Hiring managers face top-level corporate pressure to reject white job candidates in favor of non-white applicants, says a survey of 1,000 managers by a job-finding firm.
The company, ResumeBuilder.com, surveyed 1,000 hiring managers across the United States in November “to find out how many believe “reverse discrimination” is really an issue affecting their workplace,” the company said on November 7:
Key findings include:
52% believe their company practices “reverse discrimination” in hiring
1 in 6 have been asked to deprioritize hiring white men
48% have been asked to prioritize diversity over qualifications
53% believe their job will be in danger if they don’t hire enough diverse employees
70% believe their company has DEI initiatives for appearances’ sake
The “DEI” term is a variant of the Diversity, Inclusion, and Equity agenda pushed by executives and woke HR staffers in many companies.
Federal officials use court-enforced civic regulation — dubbed “civil rights law” — to grow the number of non-white people and immigrants in jobs sought by Americans, including many white job-seekers.
For example, the federal government penalizes companies that try to hire native-born Americans, and it usually ignores Fortune 500 companies that discriminate against Americans to hire non-white immigrants. In October 2021, the federal government imposed a very small fine of $14 million on Facebook amid evidence the company’s HR managers routinely used the federal visa-workers rules to preferentially hire cheap and compliant foreign workers instead of skilled American professionals.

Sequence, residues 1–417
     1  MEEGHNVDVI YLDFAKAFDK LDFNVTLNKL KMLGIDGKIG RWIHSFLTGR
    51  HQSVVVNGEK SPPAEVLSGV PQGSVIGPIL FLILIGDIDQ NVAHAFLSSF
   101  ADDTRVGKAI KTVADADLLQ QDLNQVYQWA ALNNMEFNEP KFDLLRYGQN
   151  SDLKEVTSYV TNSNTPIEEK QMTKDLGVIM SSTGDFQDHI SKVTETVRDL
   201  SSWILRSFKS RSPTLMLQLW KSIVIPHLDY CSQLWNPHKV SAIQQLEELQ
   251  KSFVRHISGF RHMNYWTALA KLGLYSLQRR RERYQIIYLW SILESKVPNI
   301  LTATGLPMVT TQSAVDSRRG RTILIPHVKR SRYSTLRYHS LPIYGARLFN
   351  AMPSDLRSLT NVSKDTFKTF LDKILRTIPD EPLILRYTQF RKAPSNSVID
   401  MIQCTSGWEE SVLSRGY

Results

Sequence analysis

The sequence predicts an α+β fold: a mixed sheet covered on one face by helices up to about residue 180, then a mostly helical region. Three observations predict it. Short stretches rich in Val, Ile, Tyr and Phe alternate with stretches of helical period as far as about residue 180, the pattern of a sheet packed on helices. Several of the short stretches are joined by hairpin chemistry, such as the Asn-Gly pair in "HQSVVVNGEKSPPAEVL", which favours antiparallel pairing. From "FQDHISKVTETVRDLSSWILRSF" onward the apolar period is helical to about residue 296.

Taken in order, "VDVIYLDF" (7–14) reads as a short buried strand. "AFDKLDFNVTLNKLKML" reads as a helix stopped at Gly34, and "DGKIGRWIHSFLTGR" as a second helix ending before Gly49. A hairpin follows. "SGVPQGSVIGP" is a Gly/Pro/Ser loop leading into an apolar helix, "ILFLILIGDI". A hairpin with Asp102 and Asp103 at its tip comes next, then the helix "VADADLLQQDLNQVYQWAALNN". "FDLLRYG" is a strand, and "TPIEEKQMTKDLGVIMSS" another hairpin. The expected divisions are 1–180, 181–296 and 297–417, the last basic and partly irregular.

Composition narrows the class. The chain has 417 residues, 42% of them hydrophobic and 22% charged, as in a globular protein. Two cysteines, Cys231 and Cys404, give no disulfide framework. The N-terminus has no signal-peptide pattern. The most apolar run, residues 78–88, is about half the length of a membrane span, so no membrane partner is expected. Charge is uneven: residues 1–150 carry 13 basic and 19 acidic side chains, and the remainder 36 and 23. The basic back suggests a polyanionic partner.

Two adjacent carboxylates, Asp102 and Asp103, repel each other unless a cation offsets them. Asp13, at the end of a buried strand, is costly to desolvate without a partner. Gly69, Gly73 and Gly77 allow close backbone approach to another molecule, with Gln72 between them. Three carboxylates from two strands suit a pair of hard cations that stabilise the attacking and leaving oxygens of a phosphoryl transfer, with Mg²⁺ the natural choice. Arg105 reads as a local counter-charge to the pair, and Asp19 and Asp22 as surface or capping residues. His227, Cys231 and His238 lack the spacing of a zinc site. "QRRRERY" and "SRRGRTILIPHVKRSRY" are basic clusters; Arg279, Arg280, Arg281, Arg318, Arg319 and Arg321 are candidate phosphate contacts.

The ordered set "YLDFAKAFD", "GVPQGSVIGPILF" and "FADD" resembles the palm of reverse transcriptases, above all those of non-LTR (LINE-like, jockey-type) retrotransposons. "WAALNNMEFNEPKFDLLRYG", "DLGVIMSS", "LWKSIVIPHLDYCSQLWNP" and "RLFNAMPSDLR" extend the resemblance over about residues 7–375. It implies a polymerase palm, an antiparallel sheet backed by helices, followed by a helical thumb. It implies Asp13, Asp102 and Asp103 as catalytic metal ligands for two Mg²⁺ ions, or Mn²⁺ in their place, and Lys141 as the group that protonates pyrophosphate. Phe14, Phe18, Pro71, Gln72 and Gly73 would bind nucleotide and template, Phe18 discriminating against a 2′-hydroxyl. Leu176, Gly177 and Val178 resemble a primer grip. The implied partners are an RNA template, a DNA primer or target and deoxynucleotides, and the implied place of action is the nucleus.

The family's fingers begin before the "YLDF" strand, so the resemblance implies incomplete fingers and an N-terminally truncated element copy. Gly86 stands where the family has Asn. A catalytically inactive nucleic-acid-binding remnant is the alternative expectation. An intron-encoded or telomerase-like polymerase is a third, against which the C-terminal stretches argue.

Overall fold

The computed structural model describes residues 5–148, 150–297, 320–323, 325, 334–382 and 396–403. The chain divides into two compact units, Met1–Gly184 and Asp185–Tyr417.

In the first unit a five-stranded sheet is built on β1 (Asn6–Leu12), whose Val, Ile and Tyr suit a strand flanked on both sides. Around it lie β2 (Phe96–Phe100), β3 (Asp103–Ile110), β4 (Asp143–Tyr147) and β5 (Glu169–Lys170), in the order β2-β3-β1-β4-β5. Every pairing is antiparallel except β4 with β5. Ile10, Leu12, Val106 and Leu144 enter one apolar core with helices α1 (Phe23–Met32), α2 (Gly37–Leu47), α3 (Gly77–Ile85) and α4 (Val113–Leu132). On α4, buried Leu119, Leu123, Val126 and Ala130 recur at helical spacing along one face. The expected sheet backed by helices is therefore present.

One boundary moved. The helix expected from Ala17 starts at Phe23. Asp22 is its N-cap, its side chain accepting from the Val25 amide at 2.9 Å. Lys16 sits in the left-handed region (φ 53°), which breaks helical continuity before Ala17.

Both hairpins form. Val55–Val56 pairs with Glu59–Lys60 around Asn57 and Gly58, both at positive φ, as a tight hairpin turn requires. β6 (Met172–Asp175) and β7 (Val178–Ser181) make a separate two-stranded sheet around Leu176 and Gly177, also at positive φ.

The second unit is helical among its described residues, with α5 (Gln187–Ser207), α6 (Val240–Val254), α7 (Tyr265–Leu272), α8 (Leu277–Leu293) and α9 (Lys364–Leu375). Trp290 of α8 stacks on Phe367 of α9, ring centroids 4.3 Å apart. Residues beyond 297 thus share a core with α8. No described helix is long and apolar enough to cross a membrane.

In October 2020, Bloomberg Law reported that “Diversity-Fueled ‘Reverse’ Bias Claims Put Employers in Quandary”:
… companies including Adidas AG, The Boeing Co., and Alphabet Inc.’s Google promised to increase their hiring of people of color and promote better inclusion, in the wake of escalated racial tensions that followed the death of George Floyd in Minneapolis this summer.
Quotas and hiring preferences that exclude groups based on race or sex generally are illegal under Title VII of the 1964 Civil Rights Act. But diversity efforts, when done correctly, don’t need to be abandoned because of the fear of potential “reverse” discrimination liability, attorneys say.
The discrimination problem is exacerbated by federal visa-worker programs that allow companies to employ at least 1.5 million non-white, cheap foreign visa workers instead of skilled American professionals.